NASA Tests Upgraded Artemis Moon Rocket Engines at 113% Power Level
NASA’s testing for redesigned RS-25 engines to be used on future Space Launch System (SLS) missions continued with a March 8 full-duration hot fire at NASA’s Stennis Space Center, near Bay St. Louis, Mississippi.
The test, conducted on the Fred Haise Test Stand at NASA’s Stennis Space Center, was the third of the year and part of an ongoing certification hot fire series. It also was the third test since an upgraded nozzle was installed on the RS-25 engine just prior to a February 8 hot fire. The redesigned engines provided by lead SLS engines contractor Aerojet Rocketdyne will be used on future Artemis flights to the Moon, beginning with Artemis V, as NASA continues its mission to explore the secrets of the universe for the benefit of all.
“Early indications are that the nozzle is working well,” said Mike Lauer, deputy program manager of RS-25 engines at Aerojet Rocketdyne. “Even though we changed manufacturing methods, we did not want to radically change the performance of the nozzle. We are very pleased that the nozzle appears to be performing very much in line with our previous history.”
Operators fired the RS-25 engine during the test for a scheduled 520 seconds and up to 113% power level. During missions to the Moon, engines fire for about 500 seconds and up to the 111% power level to help SLS lift the Orion spacecraft and other payloads to orbit. With added seconds and the increased power level during ground tests, engineers can learn more about engine performance and provide a margin of operational safety.
The nozzle, or bell-shaped part at the bottom of the RS-25 engine, helps generate thrust by ejecting the engine’s exhaust at maximum speed to propel SLS to space. It is one of multiple upgraded components on the redesigned engine and also critical in ensuring efficiency by using a minimum amount of propellants, or fuel, to generate thrust and help propel the rocket to space. The nozzle is one reason the RS-25 is one of the most fuel-efficient rocket engines in the world.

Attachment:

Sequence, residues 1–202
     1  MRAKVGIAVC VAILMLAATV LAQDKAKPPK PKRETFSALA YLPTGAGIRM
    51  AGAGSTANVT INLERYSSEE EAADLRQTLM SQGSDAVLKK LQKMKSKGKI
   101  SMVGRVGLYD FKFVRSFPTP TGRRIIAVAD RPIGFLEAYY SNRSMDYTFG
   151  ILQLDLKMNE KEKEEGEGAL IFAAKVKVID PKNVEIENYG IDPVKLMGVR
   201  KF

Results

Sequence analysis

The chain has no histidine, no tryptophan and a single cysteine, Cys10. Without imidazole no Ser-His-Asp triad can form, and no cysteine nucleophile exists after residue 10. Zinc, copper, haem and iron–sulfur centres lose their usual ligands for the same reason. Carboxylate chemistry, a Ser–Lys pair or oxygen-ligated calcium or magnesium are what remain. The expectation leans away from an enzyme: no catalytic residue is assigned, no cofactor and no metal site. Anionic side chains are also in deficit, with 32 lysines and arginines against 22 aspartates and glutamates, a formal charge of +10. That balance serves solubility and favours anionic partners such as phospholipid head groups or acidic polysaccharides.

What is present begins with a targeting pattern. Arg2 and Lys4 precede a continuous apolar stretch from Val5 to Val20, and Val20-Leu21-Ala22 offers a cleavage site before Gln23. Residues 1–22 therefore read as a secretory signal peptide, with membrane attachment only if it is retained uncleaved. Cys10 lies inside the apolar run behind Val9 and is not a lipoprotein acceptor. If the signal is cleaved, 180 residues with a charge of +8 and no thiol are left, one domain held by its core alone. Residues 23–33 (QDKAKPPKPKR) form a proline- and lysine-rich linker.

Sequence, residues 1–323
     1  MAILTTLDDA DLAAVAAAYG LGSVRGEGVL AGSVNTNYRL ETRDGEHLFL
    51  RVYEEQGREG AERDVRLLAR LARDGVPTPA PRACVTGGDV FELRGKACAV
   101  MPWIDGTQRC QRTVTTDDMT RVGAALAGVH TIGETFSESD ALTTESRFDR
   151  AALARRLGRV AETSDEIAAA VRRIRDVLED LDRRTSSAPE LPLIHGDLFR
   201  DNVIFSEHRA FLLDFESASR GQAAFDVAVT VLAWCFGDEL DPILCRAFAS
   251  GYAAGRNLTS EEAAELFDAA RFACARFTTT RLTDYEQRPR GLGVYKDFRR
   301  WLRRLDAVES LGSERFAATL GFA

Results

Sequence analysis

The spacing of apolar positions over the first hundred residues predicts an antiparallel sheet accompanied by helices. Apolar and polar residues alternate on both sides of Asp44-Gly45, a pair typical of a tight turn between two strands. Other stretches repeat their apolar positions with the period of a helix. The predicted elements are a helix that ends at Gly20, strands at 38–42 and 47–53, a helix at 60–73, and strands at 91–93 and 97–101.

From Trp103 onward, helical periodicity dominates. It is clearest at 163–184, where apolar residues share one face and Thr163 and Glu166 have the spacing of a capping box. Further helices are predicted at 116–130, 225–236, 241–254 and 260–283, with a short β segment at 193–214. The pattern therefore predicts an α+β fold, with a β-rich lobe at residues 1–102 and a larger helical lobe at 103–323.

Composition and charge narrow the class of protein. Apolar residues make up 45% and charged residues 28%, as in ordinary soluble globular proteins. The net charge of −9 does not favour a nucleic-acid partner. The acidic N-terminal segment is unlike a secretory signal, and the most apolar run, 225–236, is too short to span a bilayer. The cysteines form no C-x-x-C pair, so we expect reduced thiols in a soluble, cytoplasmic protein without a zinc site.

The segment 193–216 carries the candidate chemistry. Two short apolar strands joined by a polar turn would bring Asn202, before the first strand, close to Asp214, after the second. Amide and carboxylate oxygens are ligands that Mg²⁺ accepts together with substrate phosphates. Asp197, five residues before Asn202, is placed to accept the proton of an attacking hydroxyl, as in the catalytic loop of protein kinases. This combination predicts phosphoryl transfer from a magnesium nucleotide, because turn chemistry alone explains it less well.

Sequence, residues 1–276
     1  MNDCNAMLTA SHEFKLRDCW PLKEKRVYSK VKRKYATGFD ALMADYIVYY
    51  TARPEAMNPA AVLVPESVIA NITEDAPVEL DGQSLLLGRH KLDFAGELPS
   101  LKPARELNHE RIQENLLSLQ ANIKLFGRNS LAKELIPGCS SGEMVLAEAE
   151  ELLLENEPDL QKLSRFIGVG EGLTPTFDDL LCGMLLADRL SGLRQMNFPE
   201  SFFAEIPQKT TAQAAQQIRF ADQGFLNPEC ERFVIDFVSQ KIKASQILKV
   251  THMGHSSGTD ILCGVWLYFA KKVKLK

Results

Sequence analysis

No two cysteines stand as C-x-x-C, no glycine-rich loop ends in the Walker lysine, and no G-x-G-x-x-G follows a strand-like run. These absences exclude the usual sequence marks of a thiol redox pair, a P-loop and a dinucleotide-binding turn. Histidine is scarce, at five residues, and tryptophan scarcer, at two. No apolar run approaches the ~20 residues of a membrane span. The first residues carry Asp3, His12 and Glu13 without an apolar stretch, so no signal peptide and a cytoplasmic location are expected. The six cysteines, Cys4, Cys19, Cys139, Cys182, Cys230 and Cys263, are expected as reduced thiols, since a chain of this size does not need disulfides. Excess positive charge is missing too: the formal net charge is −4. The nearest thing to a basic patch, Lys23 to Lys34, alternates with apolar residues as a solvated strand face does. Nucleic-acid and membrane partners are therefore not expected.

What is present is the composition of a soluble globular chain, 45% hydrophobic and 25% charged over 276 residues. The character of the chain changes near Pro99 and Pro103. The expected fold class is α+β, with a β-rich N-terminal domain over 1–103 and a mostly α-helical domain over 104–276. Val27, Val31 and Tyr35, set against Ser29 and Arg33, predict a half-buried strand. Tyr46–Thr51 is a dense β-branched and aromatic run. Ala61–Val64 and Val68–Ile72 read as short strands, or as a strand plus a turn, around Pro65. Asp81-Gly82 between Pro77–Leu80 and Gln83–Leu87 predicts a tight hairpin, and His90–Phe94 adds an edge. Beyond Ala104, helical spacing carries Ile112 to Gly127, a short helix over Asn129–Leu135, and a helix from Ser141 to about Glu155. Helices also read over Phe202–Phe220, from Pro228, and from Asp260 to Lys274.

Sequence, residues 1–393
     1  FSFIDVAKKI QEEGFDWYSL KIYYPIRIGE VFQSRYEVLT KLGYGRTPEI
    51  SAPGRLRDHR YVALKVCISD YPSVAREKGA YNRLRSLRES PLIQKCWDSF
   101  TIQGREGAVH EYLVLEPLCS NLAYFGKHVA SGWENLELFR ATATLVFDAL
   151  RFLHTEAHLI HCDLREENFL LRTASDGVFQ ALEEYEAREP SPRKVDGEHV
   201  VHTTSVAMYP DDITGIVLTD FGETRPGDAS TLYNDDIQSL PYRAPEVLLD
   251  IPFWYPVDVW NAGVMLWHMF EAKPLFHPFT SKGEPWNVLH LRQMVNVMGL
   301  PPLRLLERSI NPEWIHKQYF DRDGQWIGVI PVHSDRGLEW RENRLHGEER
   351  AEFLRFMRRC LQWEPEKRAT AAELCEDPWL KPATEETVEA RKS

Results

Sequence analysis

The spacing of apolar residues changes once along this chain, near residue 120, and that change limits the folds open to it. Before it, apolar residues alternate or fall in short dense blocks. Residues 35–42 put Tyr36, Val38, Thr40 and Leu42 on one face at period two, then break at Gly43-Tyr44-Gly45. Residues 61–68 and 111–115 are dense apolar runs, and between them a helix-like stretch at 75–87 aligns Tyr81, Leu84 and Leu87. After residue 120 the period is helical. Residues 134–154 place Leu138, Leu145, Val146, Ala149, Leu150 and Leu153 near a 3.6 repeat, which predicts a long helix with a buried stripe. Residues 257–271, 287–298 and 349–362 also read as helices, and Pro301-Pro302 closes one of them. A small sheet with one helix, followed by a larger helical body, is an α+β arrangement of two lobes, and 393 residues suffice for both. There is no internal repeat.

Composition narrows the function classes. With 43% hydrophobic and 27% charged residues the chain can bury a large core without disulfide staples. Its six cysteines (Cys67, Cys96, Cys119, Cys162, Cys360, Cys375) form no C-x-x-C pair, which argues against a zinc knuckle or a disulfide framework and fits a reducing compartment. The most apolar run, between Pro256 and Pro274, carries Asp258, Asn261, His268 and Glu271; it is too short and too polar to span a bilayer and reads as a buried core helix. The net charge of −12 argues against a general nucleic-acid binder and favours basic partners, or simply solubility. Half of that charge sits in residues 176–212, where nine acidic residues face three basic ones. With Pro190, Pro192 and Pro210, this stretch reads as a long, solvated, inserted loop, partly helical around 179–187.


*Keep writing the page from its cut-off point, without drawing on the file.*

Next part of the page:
Over the course of the storied history of the RS-25 engine, many components have gone through changes or upgrades. One component that mostly went unchanged was the nozzle.
For redesigned RS-25 engines, however, a team focused on re-engineering every part of the nozzle. This included using precision machining to improve production of the more than 1,000 tubes that comprise the nozzle wall. These tubes are critical in flowing super-cold liquid hydrogen to keep the nozzle cool. The team also is using 3D printing to manufacture selected nozzle parts.
Upgrades to the nozzle include a new type and amount of insulation, which is a critical consideration since the RS-25 engines are exposed to more heat during SLS launches than previous space shuttle missions. SLS features four RS-25 engines instead of the three main engines used for the space shuttle and the proximity of the RS-25 nozzle to the SLS solid rocket boosters is closer than on the space shuttle.
The goal of the upgrades is to streamline the nozzle production process, while making it more cost-efficient and still achieving the same performance level as with previous RS-25 engines. While new manufacturing methods have been incorporated into the production of the nozzle, the shape, length, and diameter remain the same.
Sixteen main engines remained from the shuttle program. All were modified and tested at NASA Stennis for use on the first four Artemis missions.